There a lot of things that James Cambias does right with his new science fiction novel, “A Darkling Sea.” It is intriguing while keeping the reader on their toes. Each group of characters are fully realized with 3-dimensional personalities and lives. Plus it takes us to a brand new alien world that is both earth-like and incredibly foreign.
On the planet Ilmatar, under a roof of ice a kilometer thick, a group of deep-sea diving scientists investigates the blind alien race that lives below. The human explorers have made an uneasy truce with the Sholen, their first extraterrestrial contact: so long as they don’t disturb the native Ilmataran populace, they’re free to conduct their missions in peace. But when Henri Kerlerec, media personality and reckless adventurer, ends up sliced open by curious Ilmatarans, tensions between human and Sholen erupt, leading to a diplomatic disaster that threatens to escalate to war. Against the backdrop of deep-sea guerilla conflict, a new age of human exploration begins as alien cultures collide. Both sides seek the aid of the newly enlightened Ilmatarans. But what this struggle means for the natives—and the future of human exploration—is anything but certain.
Every chapter of “A Darkling Sea” is flush with different perspectives and points of view surrounding a major event. What I found most captivating is the fact that we see the story from three different alien races: the humans who are trying to explore this new planet with water on it, the Sholen who are trying to oversee the humans and limit further destruction by them, and the Ilmatarans the alien race caught in the middle.
Cambias goes so far as to create entire worlds for the two alien races in the novel. He builds their society from the ground up for the Illmatarans. Almost from the first time we see them, we get to learn how the Illmatarans handle almost every aspect of their society. From their schooling, their laws, the way their towns work, and even how they handle scientific exploration, literature, and technological innovations at the bottom of an ocean and ice.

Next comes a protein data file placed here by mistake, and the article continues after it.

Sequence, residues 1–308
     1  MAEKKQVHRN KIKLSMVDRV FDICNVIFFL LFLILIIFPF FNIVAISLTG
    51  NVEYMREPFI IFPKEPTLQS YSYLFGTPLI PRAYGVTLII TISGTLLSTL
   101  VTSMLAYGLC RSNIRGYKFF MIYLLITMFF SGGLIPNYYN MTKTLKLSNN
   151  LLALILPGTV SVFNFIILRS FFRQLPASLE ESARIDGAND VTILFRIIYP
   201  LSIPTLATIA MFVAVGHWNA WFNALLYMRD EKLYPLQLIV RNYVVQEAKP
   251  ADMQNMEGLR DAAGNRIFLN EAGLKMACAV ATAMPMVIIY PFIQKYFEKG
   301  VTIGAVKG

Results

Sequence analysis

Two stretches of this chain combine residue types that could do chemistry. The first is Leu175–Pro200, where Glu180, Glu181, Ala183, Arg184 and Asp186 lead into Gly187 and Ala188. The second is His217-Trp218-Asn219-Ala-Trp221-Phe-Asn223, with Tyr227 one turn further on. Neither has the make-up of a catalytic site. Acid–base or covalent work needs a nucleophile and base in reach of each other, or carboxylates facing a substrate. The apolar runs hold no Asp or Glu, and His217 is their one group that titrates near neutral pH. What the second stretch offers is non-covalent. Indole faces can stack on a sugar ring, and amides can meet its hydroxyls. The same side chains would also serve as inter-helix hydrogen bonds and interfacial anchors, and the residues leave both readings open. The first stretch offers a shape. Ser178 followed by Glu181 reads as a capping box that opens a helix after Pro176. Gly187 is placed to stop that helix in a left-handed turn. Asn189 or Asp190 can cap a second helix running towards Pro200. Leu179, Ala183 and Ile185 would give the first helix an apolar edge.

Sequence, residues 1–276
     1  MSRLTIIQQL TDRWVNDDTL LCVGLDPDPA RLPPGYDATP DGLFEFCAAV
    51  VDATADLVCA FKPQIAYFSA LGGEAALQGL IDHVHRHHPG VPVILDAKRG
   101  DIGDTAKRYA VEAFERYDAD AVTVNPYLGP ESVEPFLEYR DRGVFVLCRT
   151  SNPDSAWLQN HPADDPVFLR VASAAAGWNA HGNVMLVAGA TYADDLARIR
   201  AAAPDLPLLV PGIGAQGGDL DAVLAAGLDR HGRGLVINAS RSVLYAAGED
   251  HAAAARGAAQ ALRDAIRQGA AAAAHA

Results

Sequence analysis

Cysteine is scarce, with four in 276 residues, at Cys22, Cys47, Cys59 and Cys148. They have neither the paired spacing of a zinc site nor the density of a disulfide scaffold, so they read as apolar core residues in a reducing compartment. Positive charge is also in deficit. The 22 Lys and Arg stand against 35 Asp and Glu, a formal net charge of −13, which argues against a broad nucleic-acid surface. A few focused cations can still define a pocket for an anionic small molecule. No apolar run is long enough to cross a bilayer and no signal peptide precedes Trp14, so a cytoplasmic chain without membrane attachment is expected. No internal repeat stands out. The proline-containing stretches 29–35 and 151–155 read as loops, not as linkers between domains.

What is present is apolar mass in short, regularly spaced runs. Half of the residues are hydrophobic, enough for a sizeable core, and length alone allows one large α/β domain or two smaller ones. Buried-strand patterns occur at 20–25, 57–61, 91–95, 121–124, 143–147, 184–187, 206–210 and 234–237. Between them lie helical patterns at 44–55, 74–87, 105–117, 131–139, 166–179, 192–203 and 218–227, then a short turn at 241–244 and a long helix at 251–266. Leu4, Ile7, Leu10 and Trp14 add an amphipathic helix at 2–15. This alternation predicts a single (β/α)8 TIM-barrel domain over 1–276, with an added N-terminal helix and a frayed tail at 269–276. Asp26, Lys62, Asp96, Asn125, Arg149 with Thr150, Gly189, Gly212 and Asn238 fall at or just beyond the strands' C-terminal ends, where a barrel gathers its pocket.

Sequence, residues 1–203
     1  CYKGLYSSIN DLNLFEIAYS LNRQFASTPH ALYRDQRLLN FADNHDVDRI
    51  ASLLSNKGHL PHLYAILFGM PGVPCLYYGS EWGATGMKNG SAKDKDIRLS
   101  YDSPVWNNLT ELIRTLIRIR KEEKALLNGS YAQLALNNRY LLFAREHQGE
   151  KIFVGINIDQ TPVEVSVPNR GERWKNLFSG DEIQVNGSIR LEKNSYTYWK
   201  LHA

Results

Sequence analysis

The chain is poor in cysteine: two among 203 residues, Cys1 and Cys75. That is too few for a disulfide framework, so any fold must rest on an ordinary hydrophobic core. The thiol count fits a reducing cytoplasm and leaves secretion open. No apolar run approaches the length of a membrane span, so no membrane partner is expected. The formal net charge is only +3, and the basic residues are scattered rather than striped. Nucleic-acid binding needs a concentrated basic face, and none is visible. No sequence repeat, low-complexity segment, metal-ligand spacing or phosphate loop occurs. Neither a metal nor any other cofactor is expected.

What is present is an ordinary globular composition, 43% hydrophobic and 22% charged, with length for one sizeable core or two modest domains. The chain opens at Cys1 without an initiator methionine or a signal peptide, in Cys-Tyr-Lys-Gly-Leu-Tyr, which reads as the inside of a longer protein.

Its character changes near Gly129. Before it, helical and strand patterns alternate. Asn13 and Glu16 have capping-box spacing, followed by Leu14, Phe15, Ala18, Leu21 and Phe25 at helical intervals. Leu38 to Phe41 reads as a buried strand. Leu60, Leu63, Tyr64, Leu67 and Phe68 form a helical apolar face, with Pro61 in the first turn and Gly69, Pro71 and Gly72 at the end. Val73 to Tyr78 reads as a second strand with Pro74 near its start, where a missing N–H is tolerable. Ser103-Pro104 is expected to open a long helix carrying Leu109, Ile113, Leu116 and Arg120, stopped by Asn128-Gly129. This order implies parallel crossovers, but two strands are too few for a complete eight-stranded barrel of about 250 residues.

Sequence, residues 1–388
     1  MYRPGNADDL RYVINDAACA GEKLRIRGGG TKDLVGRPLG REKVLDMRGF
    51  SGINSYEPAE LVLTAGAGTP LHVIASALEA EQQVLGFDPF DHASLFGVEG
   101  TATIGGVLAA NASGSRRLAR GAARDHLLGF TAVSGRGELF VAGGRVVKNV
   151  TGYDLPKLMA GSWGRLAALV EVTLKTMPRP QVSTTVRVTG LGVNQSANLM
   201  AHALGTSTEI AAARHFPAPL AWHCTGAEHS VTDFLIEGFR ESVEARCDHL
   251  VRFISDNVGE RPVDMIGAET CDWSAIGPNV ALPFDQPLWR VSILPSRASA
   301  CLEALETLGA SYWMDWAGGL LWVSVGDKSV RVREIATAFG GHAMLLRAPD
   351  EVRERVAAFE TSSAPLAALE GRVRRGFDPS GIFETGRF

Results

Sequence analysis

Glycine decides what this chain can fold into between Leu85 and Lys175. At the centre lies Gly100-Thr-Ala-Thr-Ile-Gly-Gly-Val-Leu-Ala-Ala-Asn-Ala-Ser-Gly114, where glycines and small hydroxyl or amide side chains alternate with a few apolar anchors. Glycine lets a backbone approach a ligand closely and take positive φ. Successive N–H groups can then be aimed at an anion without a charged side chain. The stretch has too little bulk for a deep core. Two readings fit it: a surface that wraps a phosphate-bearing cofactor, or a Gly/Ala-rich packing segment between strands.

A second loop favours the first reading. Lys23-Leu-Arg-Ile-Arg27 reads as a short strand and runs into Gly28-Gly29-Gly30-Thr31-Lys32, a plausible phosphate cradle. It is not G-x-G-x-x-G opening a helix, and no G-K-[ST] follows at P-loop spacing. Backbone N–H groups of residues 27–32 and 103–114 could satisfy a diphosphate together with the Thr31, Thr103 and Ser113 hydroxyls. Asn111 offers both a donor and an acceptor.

As for the Sholen from Shalina, we learn they are very similar to humans (aside from their appearance) but Cambias goes to great lengths to make their differences feel very unfamiliar and foreign in staunch comparison to the human scientists that they interact.
Even after all the work put into creating the two alien races, Cambias still manages to make the humans relatable and sympathetic. Rob starts off with a tragedy and from there we can’t help but root for him to succeed and be happy. However, the scientists of Earth are not as developed as the rest of our cast of players. This could be due to the fact that there is really no need to go in-depth in a society we are already relatively familiar with.
The plot itself rests on one simple inescapable truth. You can almost never have three species in a disagreement not go into war. What was once passive resistance in the beginning by both humans and Sholen turns active and deadly for all sides. Then almost unstoppable becomes an all-out interstellar guerrilla war aided by the Ilmatarans.
Yes, the story is interesting and exciting, but when it comes down to it, the real gem of “A Darkling Sea” is the societal and cultural insight by Cambias. Very few authors have mastered the interspecies interactions of intelligent species in a thought-provoking and realistic way. A true science fiction classic.